I’ll begin with a pastoral note: there’s a reason God left the remote past and future vague in Scripture; I believe it’s because He wants us focused on the present, on the stewardship of our resource and daily lives.
Christians ought to reject teaching that claims differently, as such claims are customarily attended by extra-biblical agendas. To be clear, I’m not asserting one cannot be a young-earther, an old-earther, or an in-between earther, that one cannot be pre-mil, a-mil, or post-mil, just that we ought to delimit our ruminating with the past and the eschaton. Here are my two suggestions:
1. These doctrinal areas cannot serve as tests of orthodoxy, except as they relate to independent tests of orthodoxy. Orthodoxy (in my view) requires belief in the second coming of Christ and that God created the universe. But orthodoxy does not require an adherence to the times these occurred or will occur, nor does it require belief in certain circumstances surrounding the events.
2. These doctrinal areas ought not be elevated above clearer teachings of Scripture. The main things are the plain things, and the plain things are the main things. I have great and abiding interest in when the world was created and how the end will play out. Any Christian should, as rightly dividing the Word is a matter of Christian obedience; however, sins are not equal. To lie is gravely worse than to misinterpret what is meant by the 144,000 in Revelation. The nature of the gospel is far more important than Ussher’s chronology.
So, we ought to bring a measure of humility with us in the study of Revelation, and this is true when we turn attention toward the dating of the book. I mention this specifically, because I don’t think anyone really knows precisely when it was written*.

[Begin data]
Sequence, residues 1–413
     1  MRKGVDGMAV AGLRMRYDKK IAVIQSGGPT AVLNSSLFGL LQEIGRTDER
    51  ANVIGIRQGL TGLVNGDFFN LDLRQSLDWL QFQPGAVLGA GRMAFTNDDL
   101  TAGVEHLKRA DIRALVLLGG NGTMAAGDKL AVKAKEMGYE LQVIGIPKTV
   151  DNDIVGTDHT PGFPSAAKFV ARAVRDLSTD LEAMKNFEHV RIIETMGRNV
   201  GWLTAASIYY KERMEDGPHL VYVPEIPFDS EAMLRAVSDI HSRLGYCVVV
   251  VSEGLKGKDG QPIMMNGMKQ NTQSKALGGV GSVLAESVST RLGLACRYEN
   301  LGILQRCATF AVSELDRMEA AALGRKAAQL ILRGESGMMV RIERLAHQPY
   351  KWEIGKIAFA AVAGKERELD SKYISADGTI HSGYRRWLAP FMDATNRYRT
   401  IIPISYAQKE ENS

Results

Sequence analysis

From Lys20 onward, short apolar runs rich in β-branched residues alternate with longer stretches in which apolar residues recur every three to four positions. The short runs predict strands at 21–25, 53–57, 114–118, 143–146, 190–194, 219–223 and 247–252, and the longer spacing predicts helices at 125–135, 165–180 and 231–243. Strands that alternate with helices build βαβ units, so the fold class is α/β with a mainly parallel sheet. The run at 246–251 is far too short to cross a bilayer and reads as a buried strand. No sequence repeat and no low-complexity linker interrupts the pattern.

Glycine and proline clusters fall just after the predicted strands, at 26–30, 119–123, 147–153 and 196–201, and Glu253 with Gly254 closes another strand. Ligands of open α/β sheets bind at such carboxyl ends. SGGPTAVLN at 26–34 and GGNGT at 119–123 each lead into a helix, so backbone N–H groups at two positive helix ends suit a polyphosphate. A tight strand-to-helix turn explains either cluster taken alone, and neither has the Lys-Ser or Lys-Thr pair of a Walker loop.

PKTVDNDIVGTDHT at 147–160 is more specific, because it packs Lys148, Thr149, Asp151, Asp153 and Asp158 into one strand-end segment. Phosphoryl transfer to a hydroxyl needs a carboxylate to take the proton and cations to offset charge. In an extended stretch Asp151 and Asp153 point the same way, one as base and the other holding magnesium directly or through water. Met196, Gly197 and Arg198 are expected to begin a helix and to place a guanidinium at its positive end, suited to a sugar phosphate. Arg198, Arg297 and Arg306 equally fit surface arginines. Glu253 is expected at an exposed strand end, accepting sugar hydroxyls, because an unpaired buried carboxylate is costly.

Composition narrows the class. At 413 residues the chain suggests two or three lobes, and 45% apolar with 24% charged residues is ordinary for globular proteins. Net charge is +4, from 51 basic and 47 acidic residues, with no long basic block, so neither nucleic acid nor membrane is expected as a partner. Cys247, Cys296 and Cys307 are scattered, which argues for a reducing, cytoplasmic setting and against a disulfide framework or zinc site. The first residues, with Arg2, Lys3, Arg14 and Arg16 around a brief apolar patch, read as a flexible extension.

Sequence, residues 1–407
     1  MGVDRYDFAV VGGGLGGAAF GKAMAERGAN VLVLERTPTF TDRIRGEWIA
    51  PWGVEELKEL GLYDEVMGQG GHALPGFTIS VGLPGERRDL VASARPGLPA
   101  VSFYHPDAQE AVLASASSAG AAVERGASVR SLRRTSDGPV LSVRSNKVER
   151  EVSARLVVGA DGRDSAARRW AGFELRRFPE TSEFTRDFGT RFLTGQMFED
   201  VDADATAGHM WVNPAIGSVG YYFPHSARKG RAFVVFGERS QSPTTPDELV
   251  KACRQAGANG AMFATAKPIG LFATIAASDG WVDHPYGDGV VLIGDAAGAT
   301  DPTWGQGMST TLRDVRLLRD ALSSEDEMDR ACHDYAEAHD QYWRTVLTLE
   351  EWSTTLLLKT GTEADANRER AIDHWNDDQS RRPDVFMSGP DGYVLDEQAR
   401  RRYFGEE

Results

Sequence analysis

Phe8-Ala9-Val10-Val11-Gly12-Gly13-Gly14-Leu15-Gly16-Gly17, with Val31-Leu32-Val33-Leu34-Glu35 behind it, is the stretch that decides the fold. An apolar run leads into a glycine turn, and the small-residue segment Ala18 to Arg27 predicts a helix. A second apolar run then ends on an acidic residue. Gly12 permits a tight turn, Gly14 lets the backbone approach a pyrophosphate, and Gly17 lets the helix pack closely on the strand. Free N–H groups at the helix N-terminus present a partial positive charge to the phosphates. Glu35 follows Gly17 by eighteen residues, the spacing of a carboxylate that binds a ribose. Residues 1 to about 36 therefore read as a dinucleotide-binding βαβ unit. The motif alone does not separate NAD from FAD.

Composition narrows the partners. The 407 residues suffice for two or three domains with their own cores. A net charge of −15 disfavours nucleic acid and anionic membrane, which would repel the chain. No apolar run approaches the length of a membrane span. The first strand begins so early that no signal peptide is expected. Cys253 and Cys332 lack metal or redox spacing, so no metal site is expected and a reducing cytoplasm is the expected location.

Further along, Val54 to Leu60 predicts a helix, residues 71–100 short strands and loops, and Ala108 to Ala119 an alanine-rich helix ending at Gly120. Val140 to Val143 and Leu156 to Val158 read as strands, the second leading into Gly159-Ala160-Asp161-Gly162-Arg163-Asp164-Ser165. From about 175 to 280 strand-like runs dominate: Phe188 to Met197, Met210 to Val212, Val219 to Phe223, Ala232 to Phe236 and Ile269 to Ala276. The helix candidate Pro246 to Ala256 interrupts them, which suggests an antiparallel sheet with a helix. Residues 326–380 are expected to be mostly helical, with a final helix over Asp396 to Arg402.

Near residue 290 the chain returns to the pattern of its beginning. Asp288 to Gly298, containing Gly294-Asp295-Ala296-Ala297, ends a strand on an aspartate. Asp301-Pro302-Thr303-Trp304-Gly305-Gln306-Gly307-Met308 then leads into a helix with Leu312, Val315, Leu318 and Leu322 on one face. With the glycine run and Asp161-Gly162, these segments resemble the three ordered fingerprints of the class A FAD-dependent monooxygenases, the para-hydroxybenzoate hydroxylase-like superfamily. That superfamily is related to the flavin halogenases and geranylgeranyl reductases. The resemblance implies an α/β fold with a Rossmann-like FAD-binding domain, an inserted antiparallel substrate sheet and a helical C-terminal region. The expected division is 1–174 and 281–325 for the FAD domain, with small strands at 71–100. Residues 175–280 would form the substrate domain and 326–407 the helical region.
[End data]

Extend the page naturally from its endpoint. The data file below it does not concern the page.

Nevertheless, and in keeping with the idea that the complexity of Christian thought mirrors the complexity of God’s creation, how one dates the book will in almost all cases directly affect her treatment of the book, which, in cases where the book is dated wrongly, will lead to an infraction concerning John’s warning in Rev 22:18-19**.
Dating the book
Dating books of the Bible is typically based on internal and external evidence. External evidence consists of extra-biblical source material, such as writings of the church fathers, Archeology, and so on. Internal evidence considers what the book in question says about itself***.
The majority report, and it is a significant majority, is that the book of Revelation is to be dated around AD 95, and as far as I know, is based solely on external evidence (this is not a weakness, just how I understand the facts). But for such a significant majority, the evidence is not all that ubiquitous. Here’s the primary passage the AD 95 is founded on:
Irenaeus, in the fifth book of his work Against Heresies, where he discusses the number of the name of Antichrist which is given in the so-called Apocalypse of John, speaks as follows concerning him: “If it were necessary for his name to be proclaimed openly at the present time, it would have been declared by him who saw the revelation. For it was seen not long ago, but almost in our own generation, at the end of the reign of Domitian.”
This is church father Eusebius quoting church father Irenaeus, who knew Polycarp, who knew John.
There are other mentions out there; they’re easy to find with Google. Have at it. Decide for yourself.
On the other hand, I find the case for an early date of Revelation far more palatable, primarily because of the internal evidence from the book itself. This is not to say there is no external evidence for an early date. There is; it’s easy to find. Have at it. Decide for yourself.
Internally, though, consider the following.
- The temple is described in the present tense in Rev 11:1. There is futurist scaffolding one could add to overcome this, but with scaffolding comes Ockham, and epicycles, and all the rest. More on the temple below.
- The kings of 7:9-11. These are difficult to square with a late date.
- To be discussed in later posts, the gametria of 666 renders it highly likely to be Nero.
- The time references of the book itself.
There’s a long list of these. Again, they’re easy to find. Have at it. Decide for yourself. However, of all things, it’s an argument from silence**** I find most troubling about the late date. Think for a long while on this: how can it be that nowhere in the New Testament is the destruction of Jerusalem, the temple, and the Jewish nation recorded?